Learning to talk writing

Rhetorical eloquence is a learned skill. Though many may have as we say, “the gift of gab,” a writer must acquire an appropriate vocabulary and learn to express his or herself in an effective manner that will assist communication with publishers, editors, fellow writers, and readers. This means that there are terms and concepts a writer must learn and absorb. I’m convinced that through reading good articles and books on writing, and memorizing and imitating the language and phrases of others, a writer can acquire needed communication skills that will enable the writer to talk about his or her writing with eloquence. In today’s market, writers must be able to talk and write about their books. Good speeches and an understanding of the business of writing will help sell books.

One magazine I personally rely on to help myself is The Writer’s Chronicle, a publication of the Association of Writers and Writing Programs. I’m in-between books right now, so I’ve been reading some articles to help develop my own eloquence. This week, I’ve carefully read three articles, one each night before I go to sleep, carefully underlining the phrases that are worded eloquently or that teach me something I didn’t know or haven’t noticed about writing. Here are the articles I’ve read this week that are helping me learn to talk writing:

“Lever of Transcendence: Contradiction and the Physics of Creativity,” by David Jauss. This article opened my eyes to the power of Janusian contradiction and made me think of my own novel-writing strategies.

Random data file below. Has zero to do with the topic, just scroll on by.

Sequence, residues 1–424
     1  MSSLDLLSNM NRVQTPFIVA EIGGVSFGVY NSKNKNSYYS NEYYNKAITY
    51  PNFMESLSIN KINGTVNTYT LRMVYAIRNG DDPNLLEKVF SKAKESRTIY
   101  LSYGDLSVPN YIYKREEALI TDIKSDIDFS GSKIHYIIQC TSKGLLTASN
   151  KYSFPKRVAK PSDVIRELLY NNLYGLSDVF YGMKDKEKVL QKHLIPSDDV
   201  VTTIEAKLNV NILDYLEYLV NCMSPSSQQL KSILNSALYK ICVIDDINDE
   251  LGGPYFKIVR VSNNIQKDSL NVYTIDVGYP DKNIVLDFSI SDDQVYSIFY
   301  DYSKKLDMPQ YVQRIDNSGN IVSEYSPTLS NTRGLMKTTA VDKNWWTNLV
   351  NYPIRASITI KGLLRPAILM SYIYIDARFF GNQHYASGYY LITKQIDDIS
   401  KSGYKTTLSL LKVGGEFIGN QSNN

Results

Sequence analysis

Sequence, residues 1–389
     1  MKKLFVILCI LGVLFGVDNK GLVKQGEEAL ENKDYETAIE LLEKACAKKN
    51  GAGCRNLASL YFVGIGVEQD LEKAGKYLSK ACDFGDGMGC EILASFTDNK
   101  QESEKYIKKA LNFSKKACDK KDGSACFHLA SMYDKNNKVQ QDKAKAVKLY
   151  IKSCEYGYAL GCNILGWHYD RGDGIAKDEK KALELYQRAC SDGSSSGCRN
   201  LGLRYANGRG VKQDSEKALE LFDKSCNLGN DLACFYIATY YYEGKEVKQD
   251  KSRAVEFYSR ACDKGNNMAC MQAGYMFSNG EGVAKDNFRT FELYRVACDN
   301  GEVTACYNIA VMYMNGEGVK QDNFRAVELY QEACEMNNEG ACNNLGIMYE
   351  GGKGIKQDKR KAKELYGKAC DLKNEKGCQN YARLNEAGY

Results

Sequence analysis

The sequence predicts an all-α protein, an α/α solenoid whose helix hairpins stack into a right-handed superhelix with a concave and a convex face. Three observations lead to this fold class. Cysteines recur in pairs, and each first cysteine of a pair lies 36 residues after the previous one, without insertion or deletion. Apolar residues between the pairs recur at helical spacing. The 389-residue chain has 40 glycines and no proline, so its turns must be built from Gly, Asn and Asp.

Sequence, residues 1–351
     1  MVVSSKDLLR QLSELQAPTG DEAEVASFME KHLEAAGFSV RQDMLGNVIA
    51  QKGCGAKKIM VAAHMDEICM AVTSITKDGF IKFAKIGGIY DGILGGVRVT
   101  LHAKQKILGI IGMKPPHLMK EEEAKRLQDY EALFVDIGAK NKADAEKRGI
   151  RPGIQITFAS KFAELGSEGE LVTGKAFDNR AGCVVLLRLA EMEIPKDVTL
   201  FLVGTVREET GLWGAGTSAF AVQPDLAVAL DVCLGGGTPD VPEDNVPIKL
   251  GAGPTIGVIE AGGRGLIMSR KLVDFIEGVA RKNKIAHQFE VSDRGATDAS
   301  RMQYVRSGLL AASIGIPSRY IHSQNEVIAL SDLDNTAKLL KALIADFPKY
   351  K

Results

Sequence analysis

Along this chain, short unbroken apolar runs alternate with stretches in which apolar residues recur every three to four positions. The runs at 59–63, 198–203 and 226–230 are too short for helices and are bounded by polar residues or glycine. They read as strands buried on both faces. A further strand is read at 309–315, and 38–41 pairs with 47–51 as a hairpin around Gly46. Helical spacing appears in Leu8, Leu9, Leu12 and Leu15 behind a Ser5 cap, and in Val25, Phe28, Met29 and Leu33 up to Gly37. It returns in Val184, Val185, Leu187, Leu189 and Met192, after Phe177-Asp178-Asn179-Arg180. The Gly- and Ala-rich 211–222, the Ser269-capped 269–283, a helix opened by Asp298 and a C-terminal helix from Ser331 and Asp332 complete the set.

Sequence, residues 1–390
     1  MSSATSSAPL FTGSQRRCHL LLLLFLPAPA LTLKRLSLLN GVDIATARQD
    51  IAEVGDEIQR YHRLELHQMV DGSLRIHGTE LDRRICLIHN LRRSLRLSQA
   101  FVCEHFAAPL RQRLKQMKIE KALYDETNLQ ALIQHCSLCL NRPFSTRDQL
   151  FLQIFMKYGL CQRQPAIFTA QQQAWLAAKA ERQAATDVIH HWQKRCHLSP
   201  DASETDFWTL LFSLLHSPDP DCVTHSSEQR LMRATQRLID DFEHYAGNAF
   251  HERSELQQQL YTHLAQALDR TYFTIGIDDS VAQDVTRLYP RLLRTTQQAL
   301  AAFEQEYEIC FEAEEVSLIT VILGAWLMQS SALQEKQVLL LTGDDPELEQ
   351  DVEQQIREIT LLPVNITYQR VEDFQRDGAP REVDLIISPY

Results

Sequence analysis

“Structural Strategies for the Multiple Plot Novel,” by Debbie Lee Wesselmann. This article analyzes several novels that use multiple plots (The English Patient is one) and discusses the limitations and benefits of the techniques authors use.
“The Art of Creative Research,” by Philip Gerard. This article reminded me of the importance of research and how it can breathe “into your writer’s brain some glimmer of language, sensation, or idea that can then shape itself into something more” (52).

Tonight, I’ll be speaking in Ruston, Louisiana. I’ve got radio interviews scheduled, and my calendar is filling up quickly. My personal sales have been brisk as I promote Jim Limber Davis: A Black Orphan in the Confederate White House. I want to thank my beautiful friend Tina for the promotion ideas she shared with me a while back. It looks like her ideas are going to produce some results.

News: It’s official now. Yesterday I signed the contract with Pelican Publishers to publish my Stories of the Confederate South.